Interactions between the HIV antiretroviral therapy Norvir (ritonavir) and the pain relief medication Kenalog (triamcinolone) can lead to Cushing’s disease, according to a new report.
The study, “Acute development of Cushing syndrome in an HIV-infected child on atazanavir/ritonavir based antiretroviral therapy,” appeared in the journal Endocrinology, Diabetes & Metabolism Case Reports.
An 11-year old boy, HIV-positive since birth, was on antiretroviral therapy, which included the drug Norvir. He experienced knee pain, for which he received an injection of Kenalog. Two months later, he arrived at the hospital with facial swelling, fatigue and acute weight gain.
Physicians conducted hormone tests that demonstrated the boy had 24-hour urinary free cortisol levels below the normal range of 1.0 µg/L. This led doctors to suspect iatrogenic adrenal insufficiency, or a deficiency of adrenal hormones (i.e. cortisol) due to side effects from medication.
The hypothalamic-pituitary axis (HPA) produces cortisol. But cortisol, when produced at high levels, or high levels of glucocorticoid medication, can affect the HPA, leading to low cortisol levels. This functions as a feedback mechanism so the body doesn’t produce too much cortisol. Doctors gave the boy a standard dose adrenocorticotropic hormone (ACTH) stimulation test to determine the functioning of the HPA. This test determined that the patient’s HPA was suppressed, which was causing iatrogenic Cushing’s disease.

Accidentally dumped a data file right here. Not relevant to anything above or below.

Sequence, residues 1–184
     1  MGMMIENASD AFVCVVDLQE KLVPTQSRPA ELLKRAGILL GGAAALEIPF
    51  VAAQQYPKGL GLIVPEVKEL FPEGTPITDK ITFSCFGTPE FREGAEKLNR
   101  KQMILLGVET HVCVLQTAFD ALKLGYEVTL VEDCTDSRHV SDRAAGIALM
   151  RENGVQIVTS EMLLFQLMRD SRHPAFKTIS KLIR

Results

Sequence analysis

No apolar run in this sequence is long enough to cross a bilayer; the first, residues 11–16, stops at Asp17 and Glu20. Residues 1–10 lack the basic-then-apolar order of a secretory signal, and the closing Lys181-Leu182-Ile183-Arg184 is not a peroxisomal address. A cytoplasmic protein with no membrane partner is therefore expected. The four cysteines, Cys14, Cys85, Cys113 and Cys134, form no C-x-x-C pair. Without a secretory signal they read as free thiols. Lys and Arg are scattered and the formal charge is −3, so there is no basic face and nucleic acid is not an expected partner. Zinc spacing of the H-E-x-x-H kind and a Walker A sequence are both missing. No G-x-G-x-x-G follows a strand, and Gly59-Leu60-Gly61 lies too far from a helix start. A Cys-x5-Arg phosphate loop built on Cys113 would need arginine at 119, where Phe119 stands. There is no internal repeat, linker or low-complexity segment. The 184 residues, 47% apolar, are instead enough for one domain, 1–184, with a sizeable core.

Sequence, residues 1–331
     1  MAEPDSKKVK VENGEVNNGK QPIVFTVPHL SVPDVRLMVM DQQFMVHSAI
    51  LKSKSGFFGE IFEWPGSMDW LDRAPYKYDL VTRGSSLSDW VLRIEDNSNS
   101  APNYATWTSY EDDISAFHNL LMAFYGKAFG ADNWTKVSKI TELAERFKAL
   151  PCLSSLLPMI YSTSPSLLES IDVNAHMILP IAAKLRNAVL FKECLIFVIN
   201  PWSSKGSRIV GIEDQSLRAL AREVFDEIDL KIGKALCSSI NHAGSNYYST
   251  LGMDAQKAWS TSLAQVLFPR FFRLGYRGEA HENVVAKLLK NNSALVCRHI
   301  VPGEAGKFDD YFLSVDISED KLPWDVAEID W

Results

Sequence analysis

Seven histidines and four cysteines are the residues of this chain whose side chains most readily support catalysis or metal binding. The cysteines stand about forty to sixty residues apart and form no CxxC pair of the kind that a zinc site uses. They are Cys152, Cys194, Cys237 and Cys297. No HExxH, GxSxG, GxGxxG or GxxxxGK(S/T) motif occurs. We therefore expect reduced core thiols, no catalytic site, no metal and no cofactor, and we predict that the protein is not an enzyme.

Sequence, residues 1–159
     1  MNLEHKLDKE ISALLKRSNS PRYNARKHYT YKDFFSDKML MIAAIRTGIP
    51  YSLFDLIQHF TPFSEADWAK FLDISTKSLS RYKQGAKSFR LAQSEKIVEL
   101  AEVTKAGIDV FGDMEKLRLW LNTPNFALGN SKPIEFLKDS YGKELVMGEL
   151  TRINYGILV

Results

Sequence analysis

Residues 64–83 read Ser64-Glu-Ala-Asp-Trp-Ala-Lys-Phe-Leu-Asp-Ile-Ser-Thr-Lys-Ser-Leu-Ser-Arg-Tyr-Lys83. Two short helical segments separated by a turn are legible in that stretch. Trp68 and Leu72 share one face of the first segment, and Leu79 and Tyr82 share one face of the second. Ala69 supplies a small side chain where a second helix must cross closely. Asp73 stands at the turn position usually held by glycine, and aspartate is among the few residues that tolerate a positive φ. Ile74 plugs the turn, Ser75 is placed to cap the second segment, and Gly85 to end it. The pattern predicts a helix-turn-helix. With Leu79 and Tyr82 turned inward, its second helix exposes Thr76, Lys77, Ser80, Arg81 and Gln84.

As a corticosteroid, Kenalog can suppress HPA for 30 to 40 days. Norvir, an agent administered in children with HIV, is an inhibitor of cytochrome P450 3A (CYP450 3A) enzymes, which metabolize and clear corticosteroids like Kenalog from the body. In this case, Norvir inhibited the CYP450 CYP3A pathway, which led to a longer half-life of Kenalog as it was not metabolized at the normal rate.
This is why giving the boy both Norvir and Kenalog led to increased suppression of his HPA, which lowered his levels of cortisol and caused him to get Cushing’s disease.
While no specific guidelines for treating iatrogenic Cushing’s disease exist, doctors have multiple options that include replacing Norvir with a different treatment regimen or initiating hydrocortisone (cortisol) replacement therapy.
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